Why a strong marriage is like a gift to our children

David Palmiter, PhD, Psychologist & Author, shares advice for parents on why a strong marriage is very beneficial for kids and the three factors that keep a relationship healthy
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Why a strong marriage is like a gift to our children

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Working on our relationship is a top gift we can give to our kids. Being sound in my relationship with my significant others are major gift to my kids. Even though in a short term it can seem like I'm taking things away. I do a lot of marriage counseling. It's amazing to me that if 3 things are in place, a relationship is usually fine. Couples are having bonding time together on a weekly basis. My suggestion is a minimum of an hour a week. Absolute requirement, an hour a week. Not important things not going to get done so that can happen. Second, sex is mutually enjoyed. How often it is, the nature of it can vary from couple to couple but they both mutually enjoyed. And third are not going to their nooks when they argue. Show me a couple that's doing that - having fun, sex is good and their not going to a nuclear. And they're probably doing a lot of effective co-parenting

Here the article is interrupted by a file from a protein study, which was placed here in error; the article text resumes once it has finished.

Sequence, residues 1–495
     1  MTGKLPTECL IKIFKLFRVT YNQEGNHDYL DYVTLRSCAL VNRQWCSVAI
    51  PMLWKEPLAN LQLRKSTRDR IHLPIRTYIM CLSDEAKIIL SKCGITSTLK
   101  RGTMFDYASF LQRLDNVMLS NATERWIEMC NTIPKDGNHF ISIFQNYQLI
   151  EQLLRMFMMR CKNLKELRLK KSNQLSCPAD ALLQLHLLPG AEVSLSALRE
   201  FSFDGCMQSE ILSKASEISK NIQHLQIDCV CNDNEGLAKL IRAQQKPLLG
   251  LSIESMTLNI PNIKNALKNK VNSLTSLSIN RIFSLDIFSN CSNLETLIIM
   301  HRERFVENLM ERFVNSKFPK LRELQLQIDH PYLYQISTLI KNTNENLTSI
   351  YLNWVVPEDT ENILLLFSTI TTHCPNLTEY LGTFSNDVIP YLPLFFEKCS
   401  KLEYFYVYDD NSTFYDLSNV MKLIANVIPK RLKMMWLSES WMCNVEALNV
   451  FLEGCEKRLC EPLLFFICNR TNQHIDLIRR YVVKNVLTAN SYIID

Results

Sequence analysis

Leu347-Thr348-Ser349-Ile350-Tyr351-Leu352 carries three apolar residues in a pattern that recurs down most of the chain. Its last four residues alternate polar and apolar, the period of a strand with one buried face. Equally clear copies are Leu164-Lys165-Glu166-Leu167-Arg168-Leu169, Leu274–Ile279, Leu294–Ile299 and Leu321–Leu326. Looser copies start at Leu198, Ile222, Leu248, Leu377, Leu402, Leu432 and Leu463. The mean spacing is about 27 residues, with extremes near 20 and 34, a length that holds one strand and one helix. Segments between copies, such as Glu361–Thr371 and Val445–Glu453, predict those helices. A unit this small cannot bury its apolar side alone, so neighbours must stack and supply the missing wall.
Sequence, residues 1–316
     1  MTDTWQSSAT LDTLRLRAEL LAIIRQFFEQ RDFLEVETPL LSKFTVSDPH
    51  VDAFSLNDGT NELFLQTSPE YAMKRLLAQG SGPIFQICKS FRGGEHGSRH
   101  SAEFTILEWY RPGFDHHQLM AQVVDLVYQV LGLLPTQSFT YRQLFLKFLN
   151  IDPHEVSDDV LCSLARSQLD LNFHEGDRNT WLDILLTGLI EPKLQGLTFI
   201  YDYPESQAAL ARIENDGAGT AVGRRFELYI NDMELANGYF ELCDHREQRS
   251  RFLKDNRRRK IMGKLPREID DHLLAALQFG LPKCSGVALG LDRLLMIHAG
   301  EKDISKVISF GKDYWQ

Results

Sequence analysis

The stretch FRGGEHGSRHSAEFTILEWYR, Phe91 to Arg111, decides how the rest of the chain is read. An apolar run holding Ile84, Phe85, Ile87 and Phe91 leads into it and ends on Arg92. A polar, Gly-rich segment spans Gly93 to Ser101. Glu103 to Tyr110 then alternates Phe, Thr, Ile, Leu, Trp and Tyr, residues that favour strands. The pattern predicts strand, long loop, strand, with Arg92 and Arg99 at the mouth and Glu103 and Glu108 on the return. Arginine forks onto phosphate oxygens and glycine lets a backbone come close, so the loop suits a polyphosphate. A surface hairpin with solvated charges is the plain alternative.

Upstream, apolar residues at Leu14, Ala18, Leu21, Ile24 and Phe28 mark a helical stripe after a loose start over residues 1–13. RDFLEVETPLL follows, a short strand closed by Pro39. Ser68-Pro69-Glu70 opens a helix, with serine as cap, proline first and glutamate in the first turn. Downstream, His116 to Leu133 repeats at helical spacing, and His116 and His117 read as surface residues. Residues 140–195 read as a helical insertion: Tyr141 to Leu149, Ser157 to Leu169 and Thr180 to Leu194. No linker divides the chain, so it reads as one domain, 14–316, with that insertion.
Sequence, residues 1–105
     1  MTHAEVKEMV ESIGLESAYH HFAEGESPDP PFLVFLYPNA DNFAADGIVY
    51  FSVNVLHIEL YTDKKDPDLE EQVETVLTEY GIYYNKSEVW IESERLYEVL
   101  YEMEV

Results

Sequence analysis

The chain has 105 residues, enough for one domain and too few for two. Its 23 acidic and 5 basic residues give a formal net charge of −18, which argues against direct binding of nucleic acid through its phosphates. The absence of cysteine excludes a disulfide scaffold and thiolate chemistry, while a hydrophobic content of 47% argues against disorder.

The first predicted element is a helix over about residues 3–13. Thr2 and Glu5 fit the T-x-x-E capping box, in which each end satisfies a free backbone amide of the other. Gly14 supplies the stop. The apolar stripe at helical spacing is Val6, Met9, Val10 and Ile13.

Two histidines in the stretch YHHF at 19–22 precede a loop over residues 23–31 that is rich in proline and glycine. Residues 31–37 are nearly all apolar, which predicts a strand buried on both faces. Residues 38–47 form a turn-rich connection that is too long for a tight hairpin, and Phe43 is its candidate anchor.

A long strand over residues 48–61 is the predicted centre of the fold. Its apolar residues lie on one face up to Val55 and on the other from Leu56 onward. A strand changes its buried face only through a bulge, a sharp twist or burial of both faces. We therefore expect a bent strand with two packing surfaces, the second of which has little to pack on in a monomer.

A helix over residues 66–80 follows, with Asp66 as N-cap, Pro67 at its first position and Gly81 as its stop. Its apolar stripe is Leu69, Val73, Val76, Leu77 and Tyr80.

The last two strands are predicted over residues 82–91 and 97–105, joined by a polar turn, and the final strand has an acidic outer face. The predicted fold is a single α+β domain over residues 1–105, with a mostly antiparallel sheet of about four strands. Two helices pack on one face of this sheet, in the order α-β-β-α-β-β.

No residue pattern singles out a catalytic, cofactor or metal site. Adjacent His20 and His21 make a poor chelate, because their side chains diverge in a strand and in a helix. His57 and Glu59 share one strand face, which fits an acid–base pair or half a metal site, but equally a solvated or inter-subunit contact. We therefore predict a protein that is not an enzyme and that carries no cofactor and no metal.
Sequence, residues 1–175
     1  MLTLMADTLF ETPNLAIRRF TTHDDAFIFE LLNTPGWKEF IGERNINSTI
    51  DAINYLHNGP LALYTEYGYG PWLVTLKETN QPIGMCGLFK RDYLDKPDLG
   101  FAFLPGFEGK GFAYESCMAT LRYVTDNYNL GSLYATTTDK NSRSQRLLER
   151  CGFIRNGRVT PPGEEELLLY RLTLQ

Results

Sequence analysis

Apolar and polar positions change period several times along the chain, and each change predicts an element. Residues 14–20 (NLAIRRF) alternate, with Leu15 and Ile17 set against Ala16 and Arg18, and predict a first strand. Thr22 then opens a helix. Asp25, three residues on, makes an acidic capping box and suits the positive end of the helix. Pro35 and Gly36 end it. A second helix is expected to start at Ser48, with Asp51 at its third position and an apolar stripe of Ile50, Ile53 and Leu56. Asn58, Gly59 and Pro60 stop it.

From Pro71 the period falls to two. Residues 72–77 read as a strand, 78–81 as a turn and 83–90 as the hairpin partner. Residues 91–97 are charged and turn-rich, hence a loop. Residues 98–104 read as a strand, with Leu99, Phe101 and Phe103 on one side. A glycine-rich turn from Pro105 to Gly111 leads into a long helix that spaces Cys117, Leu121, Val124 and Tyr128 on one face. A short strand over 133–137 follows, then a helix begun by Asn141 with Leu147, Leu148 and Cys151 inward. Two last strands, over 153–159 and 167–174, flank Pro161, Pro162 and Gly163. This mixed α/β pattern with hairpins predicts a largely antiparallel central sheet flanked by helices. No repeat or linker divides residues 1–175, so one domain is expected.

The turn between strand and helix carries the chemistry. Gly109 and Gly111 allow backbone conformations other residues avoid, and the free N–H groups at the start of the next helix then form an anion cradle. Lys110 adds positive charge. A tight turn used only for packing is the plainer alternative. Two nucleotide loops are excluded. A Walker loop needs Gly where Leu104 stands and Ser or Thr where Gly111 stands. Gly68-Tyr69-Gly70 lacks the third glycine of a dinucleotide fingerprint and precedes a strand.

David Palmiter, PhD, Psychologist & Author, shares advice for parents on why a strong marriage is very beneficial for kids and the three factors that keep a relationship healthy

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David Palmiter, PhD, ABPP

Psychologist & Author

Dr. David Palmiter is a professor of Psychology and Counseling at Marywood University. He is a practicing and board-certified clinical psychologist, a past president of the Pennsylvania Psychological Association, the author of over three dozen publications, including two books on promoting resilience in youth, a Fellow of the American Psychological Association (true of < 6% of psychologists), the American Academy of Clinical Psychology and the Pennsylvania Psychological Association in youth. He has also given hundreds of workshops on family issues for organizations such as The Navy SEAL Foundation, The Master Therapist Series at the University of Connecticut, The American Psychological Association and the McGraw-Hill Financial Group and completed hundreds of media projects for outlets such as CNN, The New York Times, US News and World Report and the Wall Street Journal. David is also a dad of three (two studying at Cornell University and one still in high school) and husband of 27 years to Dr. Lia Richards-Palmiter. A central aspect of his professional mission is to put air under the wings of parents as they try to raise happy and resilient children and teens.

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